Jack Roles is a talented midfielder who has the (rare) ability to time a run into the box which has led to him being a regular goal-scorer across all stages of his career. He was pushing for loans for some time before he was allowed to go out and, personally, I feel this delay held him back. He then had a brilliant loan spell at Cambridge United in League Two and subsequently moved to Burton Albion in League One this season. It didn’t work out for various reasons and he moved to Stevenage, where he struggled to make an impression on their manager. Roles is a good player and I think Spurs have ultimately missed out on a reasonable fee for him by mismanaging his development. I would expect him to have a lot of offers this summer and for him to then work his way back up the pyramid.

Keanan Ferguson was picked up at the start of the season having been released from Sheffield United. He has suffered with an injury for much of the season and leaves after just a year which, on the surface, seems a failure. But I liked this signing –- it’s a signing that was pretty low-risk and, in theory, it allowed us to send TJ Eyoma and Jubril Okedina out on loan, two players who might otherwise have played right-back for the Under-23s. I like the concept of identifying and signing young players released by other academies both in terms of providing Under-23 cover but also having a closer look at them to see if they can be developed. For example, Marcel Lavinier was picked up from Chelsea and found himself making a first team appearance this season.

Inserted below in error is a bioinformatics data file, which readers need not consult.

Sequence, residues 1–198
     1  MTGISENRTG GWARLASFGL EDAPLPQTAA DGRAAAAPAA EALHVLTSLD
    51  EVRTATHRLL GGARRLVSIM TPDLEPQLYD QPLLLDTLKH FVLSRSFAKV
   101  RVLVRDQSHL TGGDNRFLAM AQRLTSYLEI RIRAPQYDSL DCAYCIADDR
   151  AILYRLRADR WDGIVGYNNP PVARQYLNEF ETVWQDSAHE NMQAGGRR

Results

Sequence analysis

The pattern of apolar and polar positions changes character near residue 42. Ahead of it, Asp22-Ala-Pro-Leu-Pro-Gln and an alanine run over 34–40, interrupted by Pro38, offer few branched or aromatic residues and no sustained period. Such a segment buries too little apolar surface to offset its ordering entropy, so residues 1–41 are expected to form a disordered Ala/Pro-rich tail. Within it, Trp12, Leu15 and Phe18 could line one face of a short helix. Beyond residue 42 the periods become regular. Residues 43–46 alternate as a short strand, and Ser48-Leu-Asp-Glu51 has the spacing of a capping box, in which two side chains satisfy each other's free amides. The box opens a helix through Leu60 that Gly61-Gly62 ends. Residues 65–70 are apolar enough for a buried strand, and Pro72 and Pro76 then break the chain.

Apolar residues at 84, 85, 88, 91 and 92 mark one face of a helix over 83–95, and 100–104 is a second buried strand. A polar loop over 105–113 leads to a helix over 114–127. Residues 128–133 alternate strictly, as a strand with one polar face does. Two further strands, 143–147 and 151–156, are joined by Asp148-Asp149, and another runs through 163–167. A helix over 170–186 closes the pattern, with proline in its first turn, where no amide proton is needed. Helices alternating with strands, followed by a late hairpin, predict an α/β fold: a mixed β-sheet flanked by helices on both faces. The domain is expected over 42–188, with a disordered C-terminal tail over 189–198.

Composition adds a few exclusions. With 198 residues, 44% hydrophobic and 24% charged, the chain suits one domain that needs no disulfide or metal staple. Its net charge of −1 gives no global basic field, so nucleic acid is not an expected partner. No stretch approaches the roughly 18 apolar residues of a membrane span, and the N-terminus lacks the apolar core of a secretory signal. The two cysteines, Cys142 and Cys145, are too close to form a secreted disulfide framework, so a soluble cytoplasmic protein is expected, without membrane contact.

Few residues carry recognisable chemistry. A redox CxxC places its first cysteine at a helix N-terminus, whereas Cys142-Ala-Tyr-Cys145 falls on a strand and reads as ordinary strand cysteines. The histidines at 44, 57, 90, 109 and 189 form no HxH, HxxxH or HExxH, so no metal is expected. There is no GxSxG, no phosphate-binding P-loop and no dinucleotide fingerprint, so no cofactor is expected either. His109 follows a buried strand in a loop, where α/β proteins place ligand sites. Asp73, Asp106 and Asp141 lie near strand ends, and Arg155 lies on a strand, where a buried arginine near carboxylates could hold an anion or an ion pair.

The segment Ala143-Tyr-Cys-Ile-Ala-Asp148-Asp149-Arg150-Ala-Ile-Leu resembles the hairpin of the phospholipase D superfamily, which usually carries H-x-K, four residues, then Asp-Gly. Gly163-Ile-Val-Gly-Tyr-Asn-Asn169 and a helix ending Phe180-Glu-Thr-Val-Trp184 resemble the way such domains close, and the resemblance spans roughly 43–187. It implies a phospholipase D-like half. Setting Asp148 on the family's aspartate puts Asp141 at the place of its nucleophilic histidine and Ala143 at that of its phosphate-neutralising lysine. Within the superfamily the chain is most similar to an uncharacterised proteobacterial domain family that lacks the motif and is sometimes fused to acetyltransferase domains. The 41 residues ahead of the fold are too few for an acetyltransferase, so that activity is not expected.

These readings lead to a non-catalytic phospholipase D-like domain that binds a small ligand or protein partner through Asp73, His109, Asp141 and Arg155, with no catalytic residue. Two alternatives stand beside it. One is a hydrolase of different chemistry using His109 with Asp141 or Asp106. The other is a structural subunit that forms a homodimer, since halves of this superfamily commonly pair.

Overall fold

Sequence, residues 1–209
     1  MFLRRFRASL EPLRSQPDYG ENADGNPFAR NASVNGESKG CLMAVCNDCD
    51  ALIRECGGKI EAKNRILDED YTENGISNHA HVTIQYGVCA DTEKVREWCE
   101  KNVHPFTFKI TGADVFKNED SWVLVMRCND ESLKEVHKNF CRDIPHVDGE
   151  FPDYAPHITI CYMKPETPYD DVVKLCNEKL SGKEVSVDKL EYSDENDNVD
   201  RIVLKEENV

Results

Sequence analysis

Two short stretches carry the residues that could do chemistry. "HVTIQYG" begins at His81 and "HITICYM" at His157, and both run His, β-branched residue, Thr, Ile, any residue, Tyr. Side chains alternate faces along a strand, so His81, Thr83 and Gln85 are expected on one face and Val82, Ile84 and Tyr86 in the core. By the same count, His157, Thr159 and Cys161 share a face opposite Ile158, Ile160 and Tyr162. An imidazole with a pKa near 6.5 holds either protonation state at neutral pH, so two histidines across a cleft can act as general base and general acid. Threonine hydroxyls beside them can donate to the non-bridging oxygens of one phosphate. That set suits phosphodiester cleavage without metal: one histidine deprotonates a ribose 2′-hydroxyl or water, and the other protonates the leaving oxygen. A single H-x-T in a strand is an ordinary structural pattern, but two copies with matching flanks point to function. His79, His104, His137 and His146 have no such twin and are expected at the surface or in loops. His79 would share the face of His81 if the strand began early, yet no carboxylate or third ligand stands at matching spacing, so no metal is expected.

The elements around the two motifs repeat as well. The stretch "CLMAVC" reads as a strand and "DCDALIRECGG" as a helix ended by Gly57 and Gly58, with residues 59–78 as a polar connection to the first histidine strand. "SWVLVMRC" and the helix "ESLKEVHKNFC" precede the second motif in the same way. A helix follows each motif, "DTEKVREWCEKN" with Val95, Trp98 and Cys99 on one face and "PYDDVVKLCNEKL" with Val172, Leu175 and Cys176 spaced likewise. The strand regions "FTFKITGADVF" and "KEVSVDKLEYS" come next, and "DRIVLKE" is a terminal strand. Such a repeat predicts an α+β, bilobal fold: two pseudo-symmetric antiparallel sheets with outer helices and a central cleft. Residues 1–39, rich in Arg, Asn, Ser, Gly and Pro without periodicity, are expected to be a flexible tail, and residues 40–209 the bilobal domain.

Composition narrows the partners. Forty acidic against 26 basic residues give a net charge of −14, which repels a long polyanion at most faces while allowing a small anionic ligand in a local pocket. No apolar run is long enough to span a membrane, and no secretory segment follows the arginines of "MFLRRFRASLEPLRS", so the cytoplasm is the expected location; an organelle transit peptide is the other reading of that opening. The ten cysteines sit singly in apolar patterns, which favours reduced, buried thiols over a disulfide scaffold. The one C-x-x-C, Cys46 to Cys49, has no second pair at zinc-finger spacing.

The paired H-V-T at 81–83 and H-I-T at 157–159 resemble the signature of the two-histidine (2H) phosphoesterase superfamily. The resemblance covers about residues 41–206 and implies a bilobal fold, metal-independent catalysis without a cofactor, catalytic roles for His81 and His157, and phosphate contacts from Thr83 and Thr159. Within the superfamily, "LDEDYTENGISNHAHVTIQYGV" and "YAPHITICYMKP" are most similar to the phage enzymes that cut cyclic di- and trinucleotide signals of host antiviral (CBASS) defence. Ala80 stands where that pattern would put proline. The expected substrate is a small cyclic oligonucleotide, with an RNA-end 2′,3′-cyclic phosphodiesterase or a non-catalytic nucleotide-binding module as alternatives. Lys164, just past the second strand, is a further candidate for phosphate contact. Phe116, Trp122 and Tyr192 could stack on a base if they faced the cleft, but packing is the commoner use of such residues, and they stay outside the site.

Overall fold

Onto the two that surprised me a bit, Richards is a buzzy little attacking midfielder/forward with strong technical skills who scored 3 in 9 for the Under-23s this season, and I thought there was something there worth working with for longer. I actually thought he could be one that could get a loan next year. I would suggest that lower league recruiters should take a look at him for their clubs.

Likewise Whittaker, a versatile forward who I thought would get another year. The problem for Whittaker, I guess, was the amount of quality forward players he was competing against for game time.

Another slight surprise is that Jeremie Mukendi has been retained, as he has barely played, which normally implies that the player isn’t fancied. But hopefully we’ll get to see a bit of him in the Under-23s over the coming season.


I am the host of The Extra Inch; a Spurs podcast that delves into the analytical side of Tottenham games. Check us out!

I recently added a Donate button to this site. It’s on the ‘About‘ page. I explain why on there. Cheers!


All a bit much, isn’t it?! So much to say, but I’ll wait and see how this pans out first…

In the meantime, thanks so much for all of the messages and comments about my previous article. I intend to respond to all comments on my day off tomorrow.